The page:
A leading U.S. defence contractor,  General Dynamics (GD) makes submarines, armoured vehicles, defence-oriented information technology systems and Gulfstream business jets. The firm, which in 2016 generated US$31.4 billion in sales, operates in aerospace (27% of 2016 sales) and information systems and technology (30%), with combat (18%) and marine (25%) making up the rest. General Dynamics derives nearly 60% of its revenue from the U.S. government.

Like its U.S. peers, the company stands to benefit from the U.S. defence budget expansion. "We believe the firm is one of the best positioned contracts going into the Trump administration," says a Morningstar report. "International sales to Saudi Arabia, the UK, Canada, Egypt and Australia will continue to offset U.S. weakness, and we think this business is poised for significant growth."

General Dynamics's robust competitive position in shipbuilding and combat vehicles, along with its industry-leading aerospace business, will continue to support healthy top- and bottom-line growth, says Higgins, who recently increased his fair value estimate for the stock from US$174 to US$184.

"The aerospace systems segment boasts industry-leading profitability, with operating margins of 19% from 2013 to 2016 compared with an average operating margin of around 7% over the same period [for peers]," he adds.

The defense behemoth, which was recently awarded a US$442 million contract in the United Kingdom and another US$41million from the U.S. Navy, reported a 16.7% jump in quarterly profit.

An order backlog of approximately US$53.3 billion with the U.S. government and the recent US$15 billion deal with Saudi Arabia support a bright outlook for the firm's future growth, which is projected to be about 3.3% from 2017 to 2021.

Raytheon Co.
Ticker RTN
Current yield 1.83%
Forward P/E 19.2
Price US$161.66
Fair value US$168
Data as of June 5, 2017

Another defence giant,  Raytheon (RTN) sells US$24 billion worth of integrated defence systems, intelligence and information, missile systems, space and airborne systems every year. It also has a cybersecurity business branded Forcepoint. The U.S. government makes up about 70% of the company's total sales.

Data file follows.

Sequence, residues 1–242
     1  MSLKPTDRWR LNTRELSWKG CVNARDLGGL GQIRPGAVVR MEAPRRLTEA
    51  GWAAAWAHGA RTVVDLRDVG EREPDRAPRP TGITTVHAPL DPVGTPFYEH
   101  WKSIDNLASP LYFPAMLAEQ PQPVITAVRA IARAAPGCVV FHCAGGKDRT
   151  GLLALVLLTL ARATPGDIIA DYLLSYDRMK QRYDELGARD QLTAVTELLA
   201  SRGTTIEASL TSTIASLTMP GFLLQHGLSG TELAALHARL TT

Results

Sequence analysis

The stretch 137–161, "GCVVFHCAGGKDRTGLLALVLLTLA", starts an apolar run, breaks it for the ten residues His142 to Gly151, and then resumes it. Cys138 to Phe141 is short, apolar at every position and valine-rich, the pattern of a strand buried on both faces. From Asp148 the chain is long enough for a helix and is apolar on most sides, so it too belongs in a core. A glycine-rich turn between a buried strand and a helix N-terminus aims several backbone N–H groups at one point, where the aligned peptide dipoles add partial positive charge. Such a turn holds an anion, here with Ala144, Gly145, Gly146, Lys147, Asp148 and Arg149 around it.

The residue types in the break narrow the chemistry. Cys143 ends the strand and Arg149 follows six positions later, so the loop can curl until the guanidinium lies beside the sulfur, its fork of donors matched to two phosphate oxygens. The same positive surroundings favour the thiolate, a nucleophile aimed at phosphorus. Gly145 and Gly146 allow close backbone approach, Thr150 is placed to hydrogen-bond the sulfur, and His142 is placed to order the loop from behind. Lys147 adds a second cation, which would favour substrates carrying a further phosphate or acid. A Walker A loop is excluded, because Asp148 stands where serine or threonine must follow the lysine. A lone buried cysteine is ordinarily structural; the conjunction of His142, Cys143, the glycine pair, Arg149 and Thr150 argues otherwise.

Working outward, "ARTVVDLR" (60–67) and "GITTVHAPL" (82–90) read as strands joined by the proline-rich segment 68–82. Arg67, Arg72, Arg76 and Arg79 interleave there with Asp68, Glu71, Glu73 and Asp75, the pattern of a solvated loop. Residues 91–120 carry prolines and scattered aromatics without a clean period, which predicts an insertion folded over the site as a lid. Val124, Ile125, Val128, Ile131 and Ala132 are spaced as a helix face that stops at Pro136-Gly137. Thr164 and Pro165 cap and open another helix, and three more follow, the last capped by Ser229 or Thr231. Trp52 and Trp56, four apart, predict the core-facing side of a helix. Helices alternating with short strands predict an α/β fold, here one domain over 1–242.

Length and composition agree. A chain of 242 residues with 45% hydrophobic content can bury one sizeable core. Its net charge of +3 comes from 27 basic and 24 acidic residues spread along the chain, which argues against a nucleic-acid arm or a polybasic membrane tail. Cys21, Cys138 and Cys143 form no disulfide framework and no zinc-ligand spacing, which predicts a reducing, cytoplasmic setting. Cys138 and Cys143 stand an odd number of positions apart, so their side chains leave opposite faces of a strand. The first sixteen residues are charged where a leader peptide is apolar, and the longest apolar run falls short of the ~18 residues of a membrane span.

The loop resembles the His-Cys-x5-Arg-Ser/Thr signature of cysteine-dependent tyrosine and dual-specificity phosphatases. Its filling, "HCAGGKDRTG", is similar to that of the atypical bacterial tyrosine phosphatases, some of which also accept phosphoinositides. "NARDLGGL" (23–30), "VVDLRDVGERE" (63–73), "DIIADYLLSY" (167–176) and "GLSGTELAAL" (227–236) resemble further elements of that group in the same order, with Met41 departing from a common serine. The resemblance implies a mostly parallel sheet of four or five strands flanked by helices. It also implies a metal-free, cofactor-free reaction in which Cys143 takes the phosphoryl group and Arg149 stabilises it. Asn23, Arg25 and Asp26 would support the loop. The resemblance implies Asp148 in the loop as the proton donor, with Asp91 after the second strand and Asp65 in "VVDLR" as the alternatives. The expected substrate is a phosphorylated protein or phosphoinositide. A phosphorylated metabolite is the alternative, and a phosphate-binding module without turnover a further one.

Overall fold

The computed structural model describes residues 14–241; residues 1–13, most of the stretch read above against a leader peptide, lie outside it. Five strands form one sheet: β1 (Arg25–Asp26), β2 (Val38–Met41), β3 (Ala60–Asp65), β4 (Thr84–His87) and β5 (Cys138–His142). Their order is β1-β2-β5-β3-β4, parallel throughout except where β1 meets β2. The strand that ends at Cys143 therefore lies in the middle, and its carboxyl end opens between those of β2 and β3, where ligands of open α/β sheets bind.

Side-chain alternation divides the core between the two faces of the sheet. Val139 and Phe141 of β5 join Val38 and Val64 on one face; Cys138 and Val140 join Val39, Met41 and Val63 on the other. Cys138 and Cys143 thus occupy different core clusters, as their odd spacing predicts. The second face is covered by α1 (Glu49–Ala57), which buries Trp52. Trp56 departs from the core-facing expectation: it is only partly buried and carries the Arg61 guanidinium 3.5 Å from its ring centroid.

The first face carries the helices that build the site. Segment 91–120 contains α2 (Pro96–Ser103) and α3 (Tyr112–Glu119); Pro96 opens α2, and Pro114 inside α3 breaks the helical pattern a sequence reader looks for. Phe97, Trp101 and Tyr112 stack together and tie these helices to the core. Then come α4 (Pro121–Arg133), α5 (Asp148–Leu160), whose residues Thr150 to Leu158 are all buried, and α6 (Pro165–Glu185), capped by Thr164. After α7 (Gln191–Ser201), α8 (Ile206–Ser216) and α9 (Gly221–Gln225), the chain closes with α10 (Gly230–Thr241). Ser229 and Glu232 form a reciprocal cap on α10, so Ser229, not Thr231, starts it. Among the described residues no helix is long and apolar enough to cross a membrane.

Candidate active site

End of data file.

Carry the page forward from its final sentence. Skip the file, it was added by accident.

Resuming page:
Heightened geopolitical uncertainty has boosted its international sales, which make up more than 30% of revenue. The firm's key international markets include the United Arab Emirates, Saudi Arabia, Taiwan, Turkey, Oman and Kuwait.

"Although Raytheon derives a large amount of its sales through international customers, the U.S. Department of Defense still remains its largest single customer," says a Morningstar report, noting that the defence budget under President Trump's leadership could surpass US$650 billion by fiscal 2019.

Raytheon's organic growth is set to continue to accelerate in 2017 on the back of international orders and U.S. defence budget expansion. "We expect the company to post the second-highest 2017 growth rate among major U.S. defence contractors," says Higgins, who recently upped the stock's fair value estimate from US$157 to US$168.

Raytheon's Patriot missile system and its duopoly in missiles with Lockheed Martin allow it to win international business and protect its U.S. business. "Raytheon will be one of the fastest-growing defence firms we cover, outdone only by Lockheed Martin (thanks to the F-35 program) in 2017," says Higgins, who projects average annual sales growth of nearly 4% over the next several years, and operating cash flow above US$3 billion each year through 2021, with international sales to the Middle East and Asia-Pacific boosting revenue.

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About Author

Vikram Barhat

Vikram Barhat  Vikram Barhat is a Toronto-based financial writer specializing in investing, stock markets, personal finance and other areas of the financial services industry. He also writes for CNBC, BBC, The Globe and Mail, and Toronto Star.